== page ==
President Obama and Mitt Romney commemorated Memorial Day on opposite coasts Monday, each trying to lay claim to a constituency — service members, veterans and their families — that has emerged as a battleground in the campaign.
Obama paid his respects to fallen soldiers at three events on Monday: a White House breakfast for families who have lost loved ones, a wreath-laying ceremony at Arlington National Cemetery and a speech to thousands gathered at the Vietnam Veterans Memorial.
Romney, the presumptive Republican presidential candidate, joined Sen. John McCain (R-Ariz.), a decorated Vietnam veteran, to lay wreaths at a morning commemoration in San Diego that drew a crowd of 5,000.
Although neither candidate’s schedule was labeled political, both managed to weave themes from their campaigns into their remarks, highlighting the importance of a voting group that Republicans have historically dominated. That advantage remains intact, according to a recent Gallup poll that gives Romney a commanding lead among veterans.
But that hasn’t stopped Obama from launching an aggressive effort to court veterans and their families, in which he has touted the killing of Osama bin Laden, the end of the war in Iraq and the effort to wind down combat operations in Afghanistan.
Obama has also emphasized how he has increased funds for the Department of Veterans Affairs, implemented the post-Sept. 11 G.I. Bill and launched job programs for returning troops.
On Monday, Obama’s speeches honoring the nation’s war dead touched on those actions and praised veterans for their contributions. At Arlington cemetery’s Tomb of the Unknowns, amid solemn performances of the national anthem and “Taps,” the president recognized both the first and the final casualties of the war in Iraq, alluding to his own stewardship of a conflict that he had promised in 2008 to end. He also pledged Monday to go to war only with a “clear mission,” with the support of the nation and when “absolutely necessary.”
At the Vietnam memorial ceremony, which actor Tom Selleck presided over as master of ceremonies, Obama delivered a lengthy speech in which he addressed some of that war’s most painful legacies. He described the treatment of returning Vietnam veterans as a “national shame, a disgrace that should have never happened.”
He promised to do “everything in our power” to continue the effort to find those still missing in action and to provide the necessary benefits to disabled veterans, those afflicted by the effects of Agent Orange and post-traumatic stress syndrome, and those struggling to find jobs.
He celebrated the valor of Vietnam veterans and credited them for the nation’s appreciation of those who have served in more recent conflicts.
“Because of you, because our Vietnam veterans led the charge, the Post-9/11 G.I. Bill is helping hundreds of thousands of today’s veterans go to college and pursue their dreams,” Obama said. “Because of you, because you didn’t let us forget, at our airports, our returning troops get off the airplane and you are there to shake their hands. Because of you, across America, communities have welcomed home our forces from Iraq. And when our troops return from Afghanistan, America will give this entire 9/11 generation the welcome home they deserve. That happened in part because of you.”
If the polls don’t show Obama making inroads among veterans, his efforts to court this constituency at the very least are pushing Romney to pay attention to a voting group that Republicans historically have been able to count on for support.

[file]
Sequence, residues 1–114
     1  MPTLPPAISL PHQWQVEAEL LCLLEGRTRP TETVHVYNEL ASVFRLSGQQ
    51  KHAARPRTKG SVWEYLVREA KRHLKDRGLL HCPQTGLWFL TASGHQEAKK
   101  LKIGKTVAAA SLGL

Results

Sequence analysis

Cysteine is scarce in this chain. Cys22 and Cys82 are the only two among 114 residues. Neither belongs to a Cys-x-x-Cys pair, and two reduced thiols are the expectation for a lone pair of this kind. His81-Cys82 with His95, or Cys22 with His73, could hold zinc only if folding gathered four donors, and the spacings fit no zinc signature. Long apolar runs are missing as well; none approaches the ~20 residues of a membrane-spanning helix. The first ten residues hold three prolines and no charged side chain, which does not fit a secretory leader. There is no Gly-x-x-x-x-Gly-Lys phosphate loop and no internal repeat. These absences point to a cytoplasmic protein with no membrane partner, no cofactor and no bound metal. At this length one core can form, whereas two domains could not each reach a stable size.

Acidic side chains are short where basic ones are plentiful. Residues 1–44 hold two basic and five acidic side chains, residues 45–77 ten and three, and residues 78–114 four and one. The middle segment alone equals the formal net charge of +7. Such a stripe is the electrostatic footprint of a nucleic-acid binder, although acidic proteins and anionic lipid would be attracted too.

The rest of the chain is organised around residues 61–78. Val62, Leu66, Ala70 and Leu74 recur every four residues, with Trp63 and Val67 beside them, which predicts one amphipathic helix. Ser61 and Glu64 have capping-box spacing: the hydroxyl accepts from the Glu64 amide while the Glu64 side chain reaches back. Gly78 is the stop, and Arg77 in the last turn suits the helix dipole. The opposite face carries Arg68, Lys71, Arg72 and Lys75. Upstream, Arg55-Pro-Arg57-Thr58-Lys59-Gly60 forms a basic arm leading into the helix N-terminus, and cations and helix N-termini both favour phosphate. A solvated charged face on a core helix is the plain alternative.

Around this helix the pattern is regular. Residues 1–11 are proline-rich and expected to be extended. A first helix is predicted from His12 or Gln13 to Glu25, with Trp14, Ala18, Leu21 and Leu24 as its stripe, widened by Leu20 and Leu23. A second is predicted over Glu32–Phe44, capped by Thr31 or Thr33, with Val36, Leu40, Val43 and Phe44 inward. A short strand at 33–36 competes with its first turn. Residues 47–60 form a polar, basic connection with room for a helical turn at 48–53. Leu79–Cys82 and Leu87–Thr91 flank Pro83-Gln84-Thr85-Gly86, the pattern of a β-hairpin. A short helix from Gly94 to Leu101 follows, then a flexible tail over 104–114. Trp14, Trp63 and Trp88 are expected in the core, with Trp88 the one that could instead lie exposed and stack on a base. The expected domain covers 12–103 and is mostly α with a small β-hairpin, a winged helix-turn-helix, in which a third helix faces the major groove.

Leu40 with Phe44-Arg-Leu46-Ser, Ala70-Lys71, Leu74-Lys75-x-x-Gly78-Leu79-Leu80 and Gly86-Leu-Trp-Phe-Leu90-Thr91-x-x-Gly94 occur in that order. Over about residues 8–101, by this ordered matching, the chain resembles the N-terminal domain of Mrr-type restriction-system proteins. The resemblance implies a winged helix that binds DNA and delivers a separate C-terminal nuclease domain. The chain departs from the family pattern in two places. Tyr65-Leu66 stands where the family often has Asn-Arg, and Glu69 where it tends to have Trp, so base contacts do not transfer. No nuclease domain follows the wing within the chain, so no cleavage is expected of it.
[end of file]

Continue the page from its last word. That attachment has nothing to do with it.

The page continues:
In San Diego, Romney did not appear to be taking veterans’ backing for granted, however. He spoke about visiting Afghanistan and Iraq while he was governor of Massachusetts and about talking to not only soldiers, but also their families at home.
Romney, who regularly criticizes Obama for undermining global security with a weak foreign policy, did not mention the president by name. But he ticked off a list of global threats and said: “I wish I could tell you that the world is a safe place today.”
Romney said the country must not shrink its military to the point where the United States loses its status as the strongest power in the world.
“Were we to follow that kind of course, there would be no one that could stand to protect us,” he said.
Under clear San Diego skies, the crowd waved flags, sang along to patriotic hymns and cheered as veterans were recognized.
Typically the annual event draws about 100 people, according to organizers, but two hours before the ceremony began, large crowds began arriving.
The president’s visit to the Vietnam memorial was timed to mark the start of the 50th anniversary of that conflict. But if 2008 is a guide, it will be harder for Obama to connect with older veterans than those coming home from more recent conflicts.
Obama won veterans under age 60 in 2008, a better result than Sen. John F. Kerry, a decorated Vietnam veteran, had achieved four years earlier. But Obama lost veterans overall because of a lack of support among the older men, who overwhelmingly outnumber their younger counterparts because so many more Americans served in Korea and Vietnam than in more recent conflicts.
Obamas and his wife, Michelle, attended the events at Arlington and the Vietnam memorial on a sweltering Washington day that saw temperatures exceed 92 degrees. Spectators fanned themselves with programs while military honor guards performed 21-gun salutes. At the Vietnam memorial, several Vietnam-era aircraft flew overhead at the close of ceremonies, including Huey and Chinook helicopter and a B-52 bomber.
Obama was the third sitting president to visit the Vietnam Veterans Memorial, after Ronald Reagan and Bill Clinton.
Gardner reported from Washington. Henderson reported from San Diego.